According to Lincoln Center's new LCT3 project at its slogan, it takes "New Audiences for New Artists." It also takes new critics, hence the establishment of Theater Talk's New Theater Corps in 2005, a way for up-and-coming theater writers and eager new theatergoers to get exposure to the ever-growing theater scene in New York City. Writers for the New Theater Corps are given the opportunity to immerse themselves in the off-off and off-Broadway theater scene, learning and giving back high-quality reviews at the same time. Driven by a passion and love of the arts, the New Theater Corps aims to identify, support, and grow the arts community, one show and one person at a time.

Saturday, December 03, 2005

Review: Fools in Love
by Eric Miles Glover

Who knew Shakespeare was as sidesplitting and delicious as he is in an unpretentious and cute re-imagining in Soho? For the Millennium Talent Group, the Bard’s A Midsummer Night’s Dream—a love jones to unrequited affection, fairies, an ass, and actors—triggered a resurrection of speech, oddballs, music, and dress from the 1950s.

Relocated to West Athens, California, Fools in Love née A Midsummer Night’s Dream guarantees an entertaining experience. While vibrant characters inhabit the Shakespeare classic, the often-considered perfect originals are no matches for their present counterparts. Over-the-top, outrageous, and hilarious, the re-imagined characters—from a decade when the on-the-edge United States settled into suburbia—captivate with their stage business and keep each member of its small-but-engrossed audience at the edge of his or her seat.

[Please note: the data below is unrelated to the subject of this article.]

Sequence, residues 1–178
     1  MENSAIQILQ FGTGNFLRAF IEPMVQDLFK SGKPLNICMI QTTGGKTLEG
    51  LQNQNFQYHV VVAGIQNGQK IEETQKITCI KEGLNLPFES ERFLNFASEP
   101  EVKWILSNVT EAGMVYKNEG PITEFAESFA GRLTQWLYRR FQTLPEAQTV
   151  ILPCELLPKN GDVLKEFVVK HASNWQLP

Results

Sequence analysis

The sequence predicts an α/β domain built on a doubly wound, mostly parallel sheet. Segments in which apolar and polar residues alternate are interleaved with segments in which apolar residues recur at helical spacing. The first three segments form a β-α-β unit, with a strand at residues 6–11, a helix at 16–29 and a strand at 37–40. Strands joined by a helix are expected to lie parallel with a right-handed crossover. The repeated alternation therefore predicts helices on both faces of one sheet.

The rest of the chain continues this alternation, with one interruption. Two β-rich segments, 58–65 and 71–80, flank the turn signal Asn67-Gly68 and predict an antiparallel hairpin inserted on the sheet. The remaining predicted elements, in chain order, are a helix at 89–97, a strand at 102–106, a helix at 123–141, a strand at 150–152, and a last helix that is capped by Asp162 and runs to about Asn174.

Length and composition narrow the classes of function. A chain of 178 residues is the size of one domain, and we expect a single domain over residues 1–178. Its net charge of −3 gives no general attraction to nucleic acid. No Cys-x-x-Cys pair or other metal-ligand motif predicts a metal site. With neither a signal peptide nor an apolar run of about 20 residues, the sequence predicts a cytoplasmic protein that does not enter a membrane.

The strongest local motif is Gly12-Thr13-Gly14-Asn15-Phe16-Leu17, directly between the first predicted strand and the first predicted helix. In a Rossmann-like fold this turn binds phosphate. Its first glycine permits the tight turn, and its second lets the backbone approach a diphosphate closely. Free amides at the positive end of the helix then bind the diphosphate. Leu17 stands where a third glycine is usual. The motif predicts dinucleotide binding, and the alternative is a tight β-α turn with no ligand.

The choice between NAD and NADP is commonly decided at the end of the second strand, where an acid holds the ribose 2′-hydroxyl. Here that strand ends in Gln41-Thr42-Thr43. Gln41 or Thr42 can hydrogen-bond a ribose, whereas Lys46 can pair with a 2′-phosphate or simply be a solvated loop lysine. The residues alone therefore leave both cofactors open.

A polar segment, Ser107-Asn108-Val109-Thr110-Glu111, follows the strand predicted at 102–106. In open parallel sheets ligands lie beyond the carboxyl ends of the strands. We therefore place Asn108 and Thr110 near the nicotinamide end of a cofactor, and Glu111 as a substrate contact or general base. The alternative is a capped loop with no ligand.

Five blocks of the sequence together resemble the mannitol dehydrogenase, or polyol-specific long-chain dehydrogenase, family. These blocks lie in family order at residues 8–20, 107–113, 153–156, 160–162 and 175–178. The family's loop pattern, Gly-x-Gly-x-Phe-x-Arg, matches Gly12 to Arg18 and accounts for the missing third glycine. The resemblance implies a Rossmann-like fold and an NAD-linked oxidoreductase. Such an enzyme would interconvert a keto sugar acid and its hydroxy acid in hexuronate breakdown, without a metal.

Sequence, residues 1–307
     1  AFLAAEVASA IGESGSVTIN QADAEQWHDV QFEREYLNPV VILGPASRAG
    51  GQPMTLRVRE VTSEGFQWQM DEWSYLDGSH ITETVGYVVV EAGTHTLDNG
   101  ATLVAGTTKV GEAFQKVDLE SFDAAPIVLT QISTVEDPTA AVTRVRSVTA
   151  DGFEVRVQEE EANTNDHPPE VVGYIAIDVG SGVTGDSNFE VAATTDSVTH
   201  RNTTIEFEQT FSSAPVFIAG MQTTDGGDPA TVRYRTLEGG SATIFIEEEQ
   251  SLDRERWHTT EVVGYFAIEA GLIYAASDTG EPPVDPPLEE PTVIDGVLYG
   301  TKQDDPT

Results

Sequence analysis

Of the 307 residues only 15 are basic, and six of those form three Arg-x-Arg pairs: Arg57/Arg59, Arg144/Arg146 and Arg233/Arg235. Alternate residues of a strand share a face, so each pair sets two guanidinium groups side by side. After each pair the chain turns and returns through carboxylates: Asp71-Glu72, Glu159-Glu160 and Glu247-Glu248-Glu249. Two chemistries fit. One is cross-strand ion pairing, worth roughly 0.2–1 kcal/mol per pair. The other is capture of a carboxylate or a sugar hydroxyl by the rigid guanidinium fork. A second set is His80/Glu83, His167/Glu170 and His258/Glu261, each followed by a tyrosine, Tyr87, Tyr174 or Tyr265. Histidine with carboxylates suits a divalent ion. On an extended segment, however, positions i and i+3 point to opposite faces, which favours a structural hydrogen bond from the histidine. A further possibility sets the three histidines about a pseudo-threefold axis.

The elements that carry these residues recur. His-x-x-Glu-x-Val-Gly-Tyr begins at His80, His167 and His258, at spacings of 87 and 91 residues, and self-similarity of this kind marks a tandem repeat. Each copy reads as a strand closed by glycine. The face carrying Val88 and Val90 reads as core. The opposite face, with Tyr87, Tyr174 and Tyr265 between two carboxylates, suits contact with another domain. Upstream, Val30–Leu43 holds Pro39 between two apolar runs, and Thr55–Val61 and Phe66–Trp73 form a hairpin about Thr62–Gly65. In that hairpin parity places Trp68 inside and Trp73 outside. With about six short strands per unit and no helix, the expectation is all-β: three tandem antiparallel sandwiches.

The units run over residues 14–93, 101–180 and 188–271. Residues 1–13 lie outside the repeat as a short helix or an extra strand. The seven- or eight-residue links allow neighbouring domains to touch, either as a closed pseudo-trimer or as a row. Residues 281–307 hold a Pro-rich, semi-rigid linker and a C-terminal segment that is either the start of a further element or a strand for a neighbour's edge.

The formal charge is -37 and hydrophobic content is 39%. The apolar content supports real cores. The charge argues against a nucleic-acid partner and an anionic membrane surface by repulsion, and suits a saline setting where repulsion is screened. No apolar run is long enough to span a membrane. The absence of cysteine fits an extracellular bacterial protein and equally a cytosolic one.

Oberon, King of the Fairies, lights the fuse that ignites the romp in A Midsummer Night’s Dream. He is re-imagined as a biker dude who wears a leather jacket and an anachronistic LED scrolling belt buckle that screens electronic phrases like “vroom vroom.” The four friends-but-rivals are Coca Cola-slurping, letter sweater-donning, poodle skirt-affecting teenagers at the height of sexual and emotional awakening. Each becomes a unique character with which the audience identifies and sees as a mirror image from an earlier time, if an adult, or from the present, if a child. As a hoarse, pelvis-thrusting Helena, Breeda Wool steals the show with her erratic comic timing and behavior. Her onstage time is what the audience craves. An added quartet of sweet-voiced Doo Woppers sings Top 40 hits from the fifties, including “I Will Follow Him” and “Stop! In the Name of Love,” appropriate overstatements of the action. While the text appears in the original form, the actors improvise and ad-lib as well, adding an artful unruliness to the Shakespeare original that is unpredictable and truthful in its timeless appeal.

One of the best features of the show, audience members are invited to become a part of the action. When becoming fairies or clouds, or helping characters evade each other, the production promises excitement for people of all ages.

Hula hoops, letter sweaters, poodle skirts, the Supremes, and Shakespeare had never before been as magnificent a combination.

No comments: